Home Consumer debt How to Spot Fake or Abusive Debt Collectors Hiding on Social Media

How to Spot Fake or Abusive Debt Collectors Hiding on Social Media


Social media is where you watch cooking videos, view photos of dream travel destinations, and scroll through endless news headlines. Now, sites like Instagram, Facebook, and Twitter could also be where debt collectors slip into your direct messages.

At the end of 2021, changes to the rules under the Fair Debt Collections Practices Act came into effect, which specify how third-party debt collectors can communicate via social media, email and text. . (You might see the abbreviated deed in FDCPA.)

Consumer rights advocates like April Kuehnhoff, an attorney at the National Consumer Law Center in Boston, worry the rules could lead to confusion and an increase in scams.

“It is much cheaper to use electronic communications to reach more people. We will see an increase in the number of illegitimate actors posing as debt collectors and sending emails, direct messages or text messages to people in an effort to get them to pay money for debts they didn’t actually incur,” Kuehnhoff says.

Spotting the signs and knowing your rights can help guard against unfair and fraudulent debt collection practices. Here’s what to watch out for and how to stay safe when browsing notifications.


Several warning signs can alert you to abusive behavior or scams:

◼️The message is not private.

Collectors can ask to join your friends or followers as long as they tell you they are debt collectors. However, the Debt Collections Act of 2021 states that all communications must be private. This means that posts cannot be seen by the public or people in your network on the platform. If you receive a message that others can see, it signals a bad actor.

◼️ Important information is missing.

Debt collectors are legally required to share specific details about the debt, including the amount owed, the name of the creditor, and information about your rights. They will usually provide this information, called validation notice, the first time they contact you or within five days.

“If someone just said ‘I’m a debt collector’ and nothing else, I would definitely be suspicious from the get-go,” says Katie Bossler, quality assurance specialist at GreenPath, a credit counseling agency in non-profit.

◼️ You are threatened or harassed.

“Sometimes scammers threaten consumers with arrest or deportation or try to scare them into paying quickly,” says Kuehnhoff. But it is illegal for collectors to make threats or use violent or profane language.

A collector also cannot legally sue you if the debt is statute barred or past the statute of limitations. How do you know if your debt is time-barred? Research your state laws and review your payment history on your credit reports. Or consider seeking help from your local legal aid office or nonprofit credit counseling agency.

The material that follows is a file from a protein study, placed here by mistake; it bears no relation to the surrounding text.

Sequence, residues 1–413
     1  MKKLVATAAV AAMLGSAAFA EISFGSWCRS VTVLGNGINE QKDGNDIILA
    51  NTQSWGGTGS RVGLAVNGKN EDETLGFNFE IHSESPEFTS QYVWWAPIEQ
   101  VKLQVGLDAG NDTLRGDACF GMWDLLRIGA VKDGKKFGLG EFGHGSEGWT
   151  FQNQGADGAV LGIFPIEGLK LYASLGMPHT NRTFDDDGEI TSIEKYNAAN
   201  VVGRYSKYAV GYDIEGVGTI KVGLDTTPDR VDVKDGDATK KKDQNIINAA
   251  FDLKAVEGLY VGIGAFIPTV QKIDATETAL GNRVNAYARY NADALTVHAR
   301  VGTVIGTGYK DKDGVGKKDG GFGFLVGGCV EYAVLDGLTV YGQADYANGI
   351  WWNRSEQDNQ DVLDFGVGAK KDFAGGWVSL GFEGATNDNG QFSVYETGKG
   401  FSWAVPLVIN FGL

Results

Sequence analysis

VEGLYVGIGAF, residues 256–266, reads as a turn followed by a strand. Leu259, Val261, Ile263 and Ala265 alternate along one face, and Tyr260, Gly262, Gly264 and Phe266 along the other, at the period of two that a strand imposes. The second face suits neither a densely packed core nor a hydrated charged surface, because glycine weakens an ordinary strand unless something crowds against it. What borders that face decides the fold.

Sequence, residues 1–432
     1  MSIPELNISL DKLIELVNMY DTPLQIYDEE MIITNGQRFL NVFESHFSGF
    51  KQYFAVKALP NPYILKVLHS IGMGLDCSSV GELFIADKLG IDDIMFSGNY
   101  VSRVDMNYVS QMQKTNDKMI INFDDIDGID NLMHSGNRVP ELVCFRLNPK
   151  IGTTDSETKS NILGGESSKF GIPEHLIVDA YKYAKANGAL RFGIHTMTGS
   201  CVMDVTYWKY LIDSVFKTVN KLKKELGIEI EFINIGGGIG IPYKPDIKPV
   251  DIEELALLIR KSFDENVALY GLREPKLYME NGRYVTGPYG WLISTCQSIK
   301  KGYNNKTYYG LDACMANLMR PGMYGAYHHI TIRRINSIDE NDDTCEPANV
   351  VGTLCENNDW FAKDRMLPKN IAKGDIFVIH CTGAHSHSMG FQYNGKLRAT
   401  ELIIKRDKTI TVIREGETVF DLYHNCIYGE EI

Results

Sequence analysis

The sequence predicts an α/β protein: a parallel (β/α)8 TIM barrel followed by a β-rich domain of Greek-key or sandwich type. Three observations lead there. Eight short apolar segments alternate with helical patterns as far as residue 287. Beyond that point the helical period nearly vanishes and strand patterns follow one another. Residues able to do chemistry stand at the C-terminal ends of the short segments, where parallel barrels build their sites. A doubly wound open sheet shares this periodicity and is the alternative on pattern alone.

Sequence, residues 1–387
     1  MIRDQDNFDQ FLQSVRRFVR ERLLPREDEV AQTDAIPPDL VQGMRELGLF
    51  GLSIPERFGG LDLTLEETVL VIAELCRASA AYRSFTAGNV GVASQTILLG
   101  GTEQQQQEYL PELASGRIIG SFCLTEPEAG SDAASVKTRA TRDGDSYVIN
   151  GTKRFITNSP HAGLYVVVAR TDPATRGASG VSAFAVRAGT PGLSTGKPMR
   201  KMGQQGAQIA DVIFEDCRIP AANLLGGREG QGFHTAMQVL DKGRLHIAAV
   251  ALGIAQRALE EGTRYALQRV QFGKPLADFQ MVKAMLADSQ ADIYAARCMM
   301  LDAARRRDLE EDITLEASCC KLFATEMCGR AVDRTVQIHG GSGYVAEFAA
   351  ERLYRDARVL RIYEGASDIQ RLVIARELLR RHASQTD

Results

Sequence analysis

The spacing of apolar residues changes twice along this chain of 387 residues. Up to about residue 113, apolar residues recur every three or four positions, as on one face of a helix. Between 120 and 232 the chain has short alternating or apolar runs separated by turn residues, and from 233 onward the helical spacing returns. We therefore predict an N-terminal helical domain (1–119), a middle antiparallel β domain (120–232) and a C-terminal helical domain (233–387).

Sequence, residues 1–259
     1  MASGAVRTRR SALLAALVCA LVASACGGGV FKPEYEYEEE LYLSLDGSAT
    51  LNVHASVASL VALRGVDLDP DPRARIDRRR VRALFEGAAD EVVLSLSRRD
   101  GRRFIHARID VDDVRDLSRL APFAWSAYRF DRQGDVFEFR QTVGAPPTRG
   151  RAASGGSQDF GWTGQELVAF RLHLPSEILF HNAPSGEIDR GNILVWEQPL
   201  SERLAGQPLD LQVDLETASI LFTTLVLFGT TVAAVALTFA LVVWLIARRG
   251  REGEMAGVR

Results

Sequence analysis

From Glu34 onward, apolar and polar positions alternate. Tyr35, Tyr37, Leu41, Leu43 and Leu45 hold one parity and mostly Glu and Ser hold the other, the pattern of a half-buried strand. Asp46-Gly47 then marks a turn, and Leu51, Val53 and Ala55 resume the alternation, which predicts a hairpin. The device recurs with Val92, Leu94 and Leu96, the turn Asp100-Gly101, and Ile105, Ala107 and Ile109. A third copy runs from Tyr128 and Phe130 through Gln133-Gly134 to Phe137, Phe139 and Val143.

◼️ You are being asked to make an unusual payment.

Fraudsters often seek prompt payment through hard-to-recover methods. A legitimate debt collector won’t force you to pay using questionable means such as a money transfer, bitcoin terminal, or prepaid card, Kuehnhoff says. “They won’t tell you to go to the Apple Store and buy an Apple [gift] map.”

Do not pay anything without first confirming that the debt and the collector are real. You can learn more about fake and abusive debt collectors from the Federal Trade Commission. See arkansasonline.com/221debt.


The new collections law gives you certain protections. For example, you can disable communications. Collectors are required to provide an easy and free way to end social media contact. This will not, however, erase the debt.

You also have the right to dispute a debt that you believe is incorrect or that does not belong to you. However, you will need to submit a written request within 30 days of receiving the notice if you wish to dispute or obtain more information about the debt. Information on how to do either should be included in the collector’s initial communication.

How can you check the debt and the collector? Bossler suggests getting your free credit reports from AnnualCreditReport.com first. “Make a list of debts you owe: creditors, balances, account numbers. The debt collector will often refer to the last four digits of the account number,” says Bossler.

You may be dealing with a collection service for the original creditor, which makes it easier to match details. But the original creditor could have sold the debt to an outside company. This third-party collector must provide information such as their name, company, and mailing address. Use these details to verify their authenticity.

Several states have their debt collection licenses registered with the National Multistate Licensing System, Kuehnhoff explains. “Even if your state doesn’t use it, it may be worth checking to see if this name is a legitimate debt collection name registered in other states.”

Even if everything checks out, don’t feel pressured to pay right away. Making a payment could revive a debt that had passed the statute of limitations. Instead, give yourself time to make a plan that works for you and your budget.

If a debt collector violates your rights or you are scammed, you can file a complaint with the FTC, the Consumer Financial Protection Bureau, or your state attorney general’s office.

This report was provided to The Associated Press by personal finance website NerdWallet. Lauren Schwahn is a writer at NerdWallet.